ABC Entertainment president Stephen McPherson quits
ABC entertainment chief Stephen McPherson totally upstaged everyone coming to Summer TV Press Tour 2010 this week and next when he up and quit Tuesday.
On the bright side, McPherson really, really hated coming to the press tour -- he was scheduled to appear in front of TV critics Sunday, and his Q&A session was always one of the highlights of the tour because he really, really hated taking questions from the press -- and sometimes it seemed touch-and-go whether the thing would get physical. We will miss him greatly.
"Steve McPherson today submitted his resignation as President, ABC Entertainment Group, and the Company accepted," ABC said in a press statement late Tuesday, which is so Disney of them.
McPherson did them one better, making a statement saying, "I want to thank the wonderful team of individuals who have worked with me throughout my time here and wish them nothing but the best."
The announcement triggered an orgy of press ruminations about how McPherson's six-year gig -- his contract was set to expire in September 2011 -- was marked more for its volatility than its hits. Those were mostly written by people who don't remember the time when the TV industry was filled with colorful characters instead of the bean counters and yes men who populate it these days.
Oh, and regarding that no-hits point: When McPherson took over in April '04, the network had been "mired in fourth place" for so long that even its publicists were making cracks about it. And the stories of how the network ran "Who Wants to Be a Millionaire" into the ground by using it to plug all the holes in its prime-time schedule were the stuff of industry legend. Under his watch, ABC put on the air "Lost," "Grey's Anatomy," "Desperate Housewives," "Dancing With the Stars" and, recently, "Modern Family," about the only hit this past season.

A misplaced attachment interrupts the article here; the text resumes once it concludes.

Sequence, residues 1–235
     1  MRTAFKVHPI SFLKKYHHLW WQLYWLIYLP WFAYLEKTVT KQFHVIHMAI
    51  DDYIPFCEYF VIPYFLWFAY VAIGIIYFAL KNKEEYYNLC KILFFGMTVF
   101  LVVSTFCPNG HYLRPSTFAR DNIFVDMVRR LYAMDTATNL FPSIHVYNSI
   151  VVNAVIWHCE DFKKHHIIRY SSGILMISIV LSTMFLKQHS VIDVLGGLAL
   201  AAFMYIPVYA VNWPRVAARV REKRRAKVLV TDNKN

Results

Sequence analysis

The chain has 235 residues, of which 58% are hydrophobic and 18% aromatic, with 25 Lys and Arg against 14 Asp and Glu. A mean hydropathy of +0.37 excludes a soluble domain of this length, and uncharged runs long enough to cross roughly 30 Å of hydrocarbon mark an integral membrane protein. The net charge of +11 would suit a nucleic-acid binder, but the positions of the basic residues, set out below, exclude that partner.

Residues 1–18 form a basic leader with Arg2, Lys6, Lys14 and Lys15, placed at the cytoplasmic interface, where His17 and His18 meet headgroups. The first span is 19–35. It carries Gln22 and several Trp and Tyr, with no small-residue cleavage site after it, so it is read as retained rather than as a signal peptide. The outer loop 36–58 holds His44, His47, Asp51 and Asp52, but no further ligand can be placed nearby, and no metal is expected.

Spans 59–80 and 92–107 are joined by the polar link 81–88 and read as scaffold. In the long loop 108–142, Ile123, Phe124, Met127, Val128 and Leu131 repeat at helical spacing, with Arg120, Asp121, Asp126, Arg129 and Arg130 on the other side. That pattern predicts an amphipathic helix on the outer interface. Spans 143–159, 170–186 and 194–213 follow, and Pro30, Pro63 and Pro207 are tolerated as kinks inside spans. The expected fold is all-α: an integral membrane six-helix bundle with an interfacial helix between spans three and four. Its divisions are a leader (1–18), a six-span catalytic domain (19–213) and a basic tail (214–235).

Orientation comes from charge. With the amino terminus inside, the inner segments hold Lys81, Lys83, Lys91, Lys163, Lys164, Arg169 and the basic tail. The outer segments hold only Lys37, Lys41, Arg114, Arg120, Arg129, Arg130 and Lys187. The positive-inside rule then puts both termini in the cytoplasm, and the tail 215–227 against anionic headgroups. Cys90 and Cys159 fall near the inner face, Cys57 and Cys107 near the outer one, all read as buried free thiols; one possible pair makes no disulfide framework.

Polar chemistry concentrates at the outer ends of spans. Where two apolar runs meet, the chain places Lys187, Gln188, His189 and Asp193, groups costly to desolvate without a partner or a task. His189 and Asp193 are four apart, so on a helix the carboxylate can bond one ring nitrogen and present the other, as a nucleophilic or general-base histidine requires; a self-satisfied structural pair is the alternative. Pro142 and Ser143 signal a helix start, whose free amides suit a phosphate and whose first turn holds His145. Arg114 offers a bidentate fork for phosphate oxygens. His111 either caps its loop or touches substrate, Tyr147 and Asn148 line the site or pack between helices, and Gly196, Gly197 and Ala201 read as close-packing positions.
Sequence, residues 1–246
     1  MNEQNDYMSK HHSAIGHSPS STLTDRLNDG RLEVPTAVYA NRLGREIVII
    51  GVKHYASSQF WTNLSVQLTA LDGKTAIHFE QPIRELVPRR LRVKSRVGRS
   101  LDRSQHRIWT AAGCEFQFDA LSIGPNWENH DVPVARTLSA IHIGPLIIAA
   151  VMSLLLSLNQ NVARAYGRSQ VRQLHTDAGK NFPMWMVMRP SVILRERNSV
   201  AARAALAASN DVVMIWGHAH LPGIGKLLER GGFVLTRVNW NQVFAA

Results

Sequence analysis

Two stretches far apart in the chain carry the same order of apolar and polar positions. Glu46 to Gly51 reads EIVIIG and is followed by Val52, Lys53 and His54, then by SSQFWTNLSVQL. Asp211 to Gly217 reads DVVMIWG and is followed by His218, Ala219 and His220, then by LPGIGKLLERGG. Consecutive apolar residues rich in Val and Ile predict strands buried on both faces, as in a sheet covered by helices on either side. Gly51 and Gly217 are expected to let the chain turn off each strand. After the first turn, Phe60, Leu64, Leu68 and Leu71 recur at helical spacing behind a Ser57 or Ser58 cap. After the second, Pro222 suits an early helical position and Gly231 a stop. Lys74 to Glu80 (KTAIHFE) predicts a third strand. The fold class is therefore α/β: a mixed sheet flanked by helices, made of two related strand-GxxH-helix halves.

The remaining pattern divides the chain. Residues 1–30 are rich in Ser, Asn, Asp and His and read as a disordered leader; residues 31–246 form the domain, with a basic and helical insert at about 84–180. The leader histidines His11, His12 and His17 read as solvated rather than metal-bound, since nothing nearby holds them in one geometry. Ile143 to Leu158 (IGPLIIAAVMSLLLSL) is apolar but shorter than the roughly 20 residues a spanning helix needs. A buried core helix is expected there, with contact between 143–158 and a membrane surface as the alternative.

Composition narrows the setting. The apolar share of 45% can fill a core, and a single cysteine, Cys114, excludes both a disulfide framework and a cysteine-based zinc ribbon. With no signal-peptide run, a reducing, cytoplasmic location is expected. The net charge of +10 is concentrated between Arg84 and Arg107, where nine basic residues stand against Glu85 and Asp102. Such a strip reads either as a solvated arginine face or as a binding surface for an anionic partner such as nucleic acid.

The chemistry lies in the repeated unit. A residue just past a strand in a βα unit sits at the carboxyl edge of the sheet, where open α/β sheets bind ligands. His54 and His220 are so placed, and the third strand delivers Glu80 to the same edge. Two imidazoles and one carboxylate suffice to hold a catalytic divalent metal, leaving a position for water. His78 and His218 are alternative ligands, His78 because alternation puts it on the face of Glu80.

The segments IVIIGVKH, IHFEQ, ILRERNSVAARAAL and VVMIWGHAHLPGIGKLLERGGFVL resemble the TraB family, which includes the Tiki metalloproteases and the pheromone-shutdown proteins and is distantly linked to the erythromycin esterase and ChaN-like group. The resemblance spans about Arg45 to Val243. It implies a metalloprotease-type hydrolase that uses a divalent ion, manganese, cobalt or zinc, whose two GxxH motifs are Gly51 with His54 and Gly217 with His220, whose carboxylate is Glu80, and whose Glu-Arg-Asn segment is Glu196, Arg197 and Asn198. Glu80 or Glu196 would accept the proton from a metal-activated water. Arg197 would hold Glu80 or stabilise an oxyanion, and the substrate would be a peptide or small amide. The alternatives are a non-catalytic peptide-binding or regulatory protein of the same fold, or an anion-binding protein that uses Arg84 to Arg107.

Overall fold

All those drama series were gimongous hits out of the gate, and did very well with younger viewers. The problem is they are/were all heavily serialized dramas, which (a) do not repeat well and (b) tend to flame very bright and burn out faster than, say, CBS's meat-and-potatoes crime procedurals.
On Sunday, McPherson was going to talk to the press about his lineup for the new TV season, which includes a new comedy starring Matthew Perry and Allison Janney; new dramas starring Michael Imperioli, Dana Delany and Michael Chiklis; and a new docu-reality series in which morbidly obese people are documented trying to lose hundreds of pounds over the course of a year.
And while we're at it, McPherson also gets credit for "CSI: The Mothership." That show was developed at ABC parent Disney when McPherson headed its TV production operation, then called Touchstone. But the big cheeses at ABC at the time decided they didn't want "CSI," and suits at Disney decided they couldn't make enough money off it domestically and internationally after it was sold to CBS -- so the studio bailed on it and CBS is now overseeing production of the show. Some of these same people might still be around, in which case they might get to decide who will be McPherson's successor -- presumed to be Paul Lee, whom you might remember as the first head of BBC America, based in the Washington area, but who most recently has been tearing up the cable-niche ratings as head of ABC Family.
Several stories about McPherson's exit noted that the network finished the just-wrapped 2009-10 TV season in third place with not even 200,000 more viewers than the new perennially mired-in-fourth-place network, NBC. Those stories do not mention that NBC had an Olympics cycle during that TV season, which clocked some of the biggest TV audiences in recorded history.